PM Modi to meet Xi Jinping in major push to reset China ties
Narendra Modi and Xi Jinping to hold an informal summit in Wuhan on 27-28 April in a major step to stabilise ties between India and China
New Delhi: Prime Minister Narendra Modi will visit China this week for an informal summit with Chinese President Xi Jinping in a move aimed at a major reset in relations between the neighbours, rocked by the 73-day-long Doklam military standoff last year.
The visit is being seen as an opportunity for both leaders to work out a new paradigm for bilateral ties weighed down by a slew of disputes and mutual distrust.
The surprise announcement came after talks on bilateral ties between Indian and Chinese foreign ministers in Beijing on the sidelines of the regional Shanghai Cooperation Organisation (SCO) meet in Beijing on Sunday. Besides his visit to China this week, Modi is also to travel to China again in June for a summit of SCO leaders in Qingdao.
“President Xi Jinping and Prime Minister Narendra Modi will have an informal summit from the 27-28 April in Wuhan, Hubei province. The two leaders will have communications of a strategic nature...concerning the shifts going on in the world,” Chinese foreign minister Wang Yi told reporters in Beijing. Describing it as a “new starting point in ties,” Wang said: “They will also exchange views on overarching long-term strategic matters concerning the future of China-India relations.”
According to two people familiar with the developments, the Modi-Xi meeting this week was the outcome of exchanges between the two sides since their last meeting in Xiamen in September.
India and China agreed to the summit and it was decided that Prime Minister Modi would visit Wuhan, said one of the people cited above when asked whether the summit had been convened at India’s instance and given that this would be at least the third visit by Modi to China since April 2015 without a high-level visit by either President Xi or premier Li Keqiang since then. Then Indian president Pranab Mukherjee also visited Beijing in May 2016.
In her remarks, foreign minister Sushma Swaraj said that the Wuhan meeting “flows from the understanding reached by the two leaders” in Xiamen that “India-China relations are a factor of stability in a period of global changes and (that they) have a common responsibility for peace, security and prosperity in the world.”
“We believe that our commonalities outweigh our differences and that we must build on our convergences while seeking mutually acceptable resolution of our differences,” she said.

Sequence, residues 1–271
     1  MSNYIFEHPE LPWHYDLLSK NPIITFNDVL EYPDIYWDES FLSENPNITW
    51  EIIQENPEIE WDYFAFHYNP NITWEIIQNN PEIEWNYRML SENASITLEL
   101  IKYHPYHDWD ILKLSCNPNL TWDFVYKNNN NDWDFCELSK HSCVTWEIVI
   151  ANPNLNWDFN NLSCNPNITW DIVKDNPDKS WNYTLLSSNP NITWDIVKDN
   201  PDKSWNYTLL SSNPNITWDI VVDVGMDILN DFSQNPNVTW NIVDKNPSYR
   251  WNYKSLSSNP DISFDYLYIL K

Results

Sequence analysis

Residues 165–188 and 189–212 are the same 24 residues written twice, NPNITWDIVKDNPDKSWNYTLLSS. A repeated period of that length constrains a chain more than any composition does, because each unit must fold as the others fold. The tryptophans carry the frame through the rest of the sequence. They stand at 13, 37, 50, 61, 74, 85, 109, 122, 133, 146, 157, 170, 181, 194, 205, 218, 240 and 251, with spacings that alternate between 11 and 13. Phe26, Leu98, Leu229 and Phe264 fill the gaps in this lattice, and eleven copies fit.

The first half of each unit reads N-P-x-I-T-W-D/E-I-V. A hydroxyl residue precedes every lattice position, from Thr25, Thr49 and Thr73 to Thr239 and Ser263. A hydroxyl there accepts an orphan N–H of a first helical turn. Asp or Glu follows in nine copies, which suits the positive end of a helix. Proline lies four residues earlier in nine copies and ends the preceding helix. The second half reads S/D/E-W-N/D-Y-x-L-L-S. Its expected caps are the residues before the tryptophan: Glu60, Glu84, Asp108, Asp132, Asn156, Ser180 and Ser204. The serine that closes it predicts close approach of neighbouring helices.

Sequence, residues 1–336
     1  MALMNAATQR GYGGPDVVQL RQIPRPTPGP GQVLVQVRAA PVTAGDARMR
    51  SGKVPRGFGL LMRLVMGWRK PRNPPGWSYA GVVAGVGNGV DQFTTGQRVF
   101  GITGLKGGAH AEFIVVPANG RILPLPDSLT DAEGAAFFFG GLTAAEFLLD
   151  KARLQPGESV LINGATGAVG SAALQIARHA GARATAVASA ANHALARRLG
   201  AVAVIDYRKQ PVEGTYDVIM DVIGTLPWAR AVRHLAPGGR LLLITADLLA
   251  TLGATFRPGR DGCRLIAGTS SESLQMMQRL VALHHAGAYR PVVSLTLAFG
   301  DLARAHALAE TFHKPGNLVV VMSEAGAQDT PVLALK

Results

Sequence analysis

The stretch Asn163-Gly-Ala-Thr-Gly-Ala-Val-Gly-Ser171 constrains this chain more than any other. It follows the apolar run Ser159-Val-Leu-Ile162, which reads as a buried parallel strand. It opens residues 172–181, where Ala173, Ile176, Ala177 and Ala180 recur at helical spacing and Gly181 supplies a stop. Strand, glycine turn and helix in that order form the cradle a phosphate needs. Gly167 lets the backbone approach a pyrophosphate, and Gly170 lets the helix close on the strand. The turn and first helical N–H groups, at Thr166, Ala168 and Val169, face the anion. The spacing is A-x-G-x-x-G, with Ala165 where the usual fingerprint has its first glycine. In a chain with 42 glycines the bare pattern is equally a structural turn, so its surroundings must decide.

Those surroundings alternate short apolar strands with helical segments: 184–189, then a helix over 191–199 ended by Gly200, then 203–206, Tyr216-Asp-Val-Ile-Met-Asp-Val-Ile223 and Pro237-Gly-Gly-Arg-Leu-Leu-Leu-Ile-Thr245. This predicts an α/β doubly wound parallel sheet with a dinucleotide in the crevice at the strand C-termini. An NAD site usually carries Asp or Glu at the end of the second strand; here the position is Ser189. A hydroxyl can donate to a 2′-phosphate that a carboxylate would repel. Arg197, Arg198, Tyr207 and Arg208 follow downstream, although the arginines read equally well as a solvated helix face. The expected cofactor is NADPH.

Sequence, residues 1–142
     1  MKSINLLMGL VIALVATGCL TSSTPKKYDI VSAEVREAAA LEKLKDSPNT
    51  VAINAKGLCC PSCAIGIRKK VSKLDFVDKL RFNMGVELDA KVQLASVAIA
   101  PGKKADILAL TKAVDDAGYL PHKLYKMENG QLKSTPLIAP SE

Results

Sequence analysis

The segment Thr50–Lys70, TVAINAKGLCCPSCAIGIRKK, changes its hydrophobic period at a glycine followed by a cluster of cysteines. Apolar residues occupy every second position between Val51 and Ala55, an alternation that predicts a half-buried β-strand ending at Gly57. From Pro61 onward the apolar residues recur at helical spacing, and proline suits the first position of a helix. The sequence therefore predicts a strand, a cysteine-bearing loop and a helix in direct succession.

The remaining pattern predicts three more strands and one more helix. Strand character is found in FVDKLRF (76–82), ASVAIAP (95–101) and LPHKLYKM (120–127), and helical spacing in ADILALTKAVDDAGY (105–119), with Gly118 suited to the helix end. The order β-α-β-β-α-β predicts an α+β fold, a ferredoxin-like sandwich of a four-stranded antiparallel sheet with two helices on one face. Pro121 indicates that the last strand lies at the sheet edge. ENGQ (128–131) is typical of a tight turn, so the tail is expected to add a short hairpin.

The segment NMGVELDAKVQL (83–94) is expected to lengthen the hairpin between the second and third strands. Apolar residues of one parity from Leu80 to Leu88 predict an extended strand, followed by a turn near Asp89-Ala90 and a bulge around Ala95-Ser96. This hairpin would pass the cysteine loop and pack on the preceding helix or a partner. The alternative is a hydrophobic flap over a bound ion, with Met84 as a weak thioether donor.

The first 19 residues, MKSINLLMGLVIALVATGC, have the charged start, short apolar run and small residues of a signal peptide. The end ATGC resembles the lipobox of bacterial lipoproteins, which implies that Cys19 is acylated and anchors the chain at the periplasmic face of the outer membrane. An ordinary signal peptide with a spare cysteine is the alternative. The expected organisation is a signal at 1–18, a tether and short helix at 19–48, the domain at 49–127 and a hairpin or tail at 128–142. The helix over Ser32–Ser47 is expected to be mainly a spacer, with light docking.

Wang added that India and China “have no choice other than pursuing everlasting friendship mutually beneficial cooperation and common development.” Going forward, the two sides would aim to increase strategic communication, deepen practical cooperation, “properly handle differences and enhance coordination in multilateral affairs,” Wang said.
Swaraj said Modi and Xi “will explore the future direction of the multifaceted engagement between the two countries.”
“While making efforts to progress our relations in diverse areas, we underlined that maintaining peace and tranquillity in the India-China border areas is a prerequisite for the smooth development of bilateral relations,” Swaraj said, in a reference to a point that New Delhi views as a prerequisite for good ties with China.
India-China ties have been bedevilled by a number of irritants —an unsettled boundary problem dating back to their brief but bitter 1962 war, a ballooning trade deficit in favour of China, China’s close ties with India’s arch rival Pakistan and Beijing’s ambitious Belt and Road Initiative running through disputed Kashmir that New Delhi says violates its sovereignty to name a few. Last year Indian and Chinese troops were engaged in an unprecedented tense standoff that ended after 73 days —seen as an offshoot of their unresolved boundary problem.
During the Modi-Xi meeting in Xiamen, days after the end of the Doklam standoff, the two had agreed to turn the page on the Doklam standoff and move forward. Since then, the two sides have had several official level contacts—Wang visited India in December for a trilateral meeting, India’s national security adviser Ajit Doval met his Chinese counterpart for border talks Yang Jiechi and the two sides also held their fifth Strategic Economic Dialogue.
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